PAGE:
Release: Friday, May 10, 2013
A colorful cast and crew give F. Scott Fitzgerald’s classic novel its most contemporary treatment yet in 2013, with The Great Gatsby refocused through the lenses of Baz Luhrmann. With an alignment of stars that immediately gives its characters life, and a costume/make-up department that rivals (and could possibly be superior to) that of Les Miserables, the film is an unsatisfying mixture of style over substance. It looks terrific, but the pizzazz is clearly indicative of a film that, script-wise, is dangerously insecure — just like one of our lead characters here.
I suppose one of the more important things to note is that the acting is not to blame for a general lack of engagement in the storytelling; Leo first and foremost, fully embodies the essence of Jay Gatsby and is thankfully not a disappointment, so you can breathe a sigh of relief there. As well, Carey Mulligan (as Daisy Buchanan) and Joel Edgerton (as Daisy’s brute of a husband, Tom) are at their best and Tobey Maguire manages Nick Carraway fairly well.
It is unfortunately with Mr. Maguire that I found one of the film’s larger, and ultimately, more frustrating, structural flaws that prevented Gatsby from becoming the emotional spectacle it truly could have been. We are swept into the story with a narrative from Nick Carraway, who’s setting up time and place of the events that would ultimately fill the actual story. This was a completely unnecessary layer and if anything seemed to diminish the significance of the story of Jay Gatsby and his parties. Not only that, but the narrative — which is not limited to the opening five or ten minutes, either — keeps us at an arm’s length of the characters stuck inside Fitzgerald’s vision of the Roaring 20’s. Each time we hear the voiceovers from Maguire’s slow, labored delivery, we’re taken out of the moment a little. This happens more than a few times.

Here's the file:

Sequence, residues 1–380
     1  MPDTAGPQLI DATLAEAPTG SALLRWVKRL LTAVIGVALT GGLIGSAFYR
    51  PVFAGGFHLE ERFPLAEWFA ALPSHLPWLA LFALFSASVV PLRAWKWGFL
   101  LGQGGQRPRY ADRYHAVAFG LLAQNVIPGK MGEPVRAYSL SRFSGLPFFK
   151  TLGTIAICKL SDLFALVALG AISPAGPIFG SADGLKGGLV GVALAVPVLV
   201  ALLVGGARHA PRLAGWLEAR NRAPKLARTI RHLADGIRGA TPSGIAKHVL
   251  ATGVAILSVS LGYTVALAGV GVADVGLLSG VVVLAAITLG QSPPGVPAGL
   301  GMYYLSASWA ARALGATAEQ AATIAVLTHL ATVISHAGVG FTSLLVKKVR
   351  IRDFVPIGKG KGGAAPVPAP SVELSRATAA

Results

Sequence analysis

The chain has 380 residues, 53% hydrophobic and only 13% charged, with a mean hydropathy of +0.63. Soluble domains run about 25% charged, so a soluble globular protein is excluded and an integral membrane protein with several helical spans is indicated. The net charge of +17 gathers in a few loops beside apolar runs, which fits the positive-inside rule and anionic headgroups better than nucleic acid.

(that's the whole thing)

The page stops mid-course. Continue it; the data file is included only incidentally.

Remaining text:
When the narrative isn’t there dictating the story to us, like getting rid of the subtitles, we get a story about the great and mysterious Jay Gatsby and of his travails finding his long lost love, Daisy, with innocent “ole sport” Nick Carraway merely getting caught in the crossfire. The heart of this passionate love affair — from what I recall of reading the book in high school — remains faithful to the sequence of events Fitzgerald penned in 1925, and thanks to a select few scenes, it succeeds at times to strike at the emotional core of what made the novel of so long ago, so mesmerizing and dramatic.
Alas, these moments were sporadically popping up throughout the film, whilst a camera guided us haphazardly throughout the land that constituted the narrative perimeters of the story — the serene waters, the sweeping forested lands, the city skyline set against the filth and grime of city workers shoveling dirt and coal.
A variety of wide-angle shots, sudden deep and dramatic zooms, and wide scans and panoramas were utilized, which actually succeeded in trapping us inside this world and giving the impression that we were being physically moved from one distinct location (where something happens) to another (where something else happens).Going with the 3D glasses, however, might make you a little nauseous after awhile, since Luhrmann is intent on moving throughout this landscape as though he were on board a roller coaster.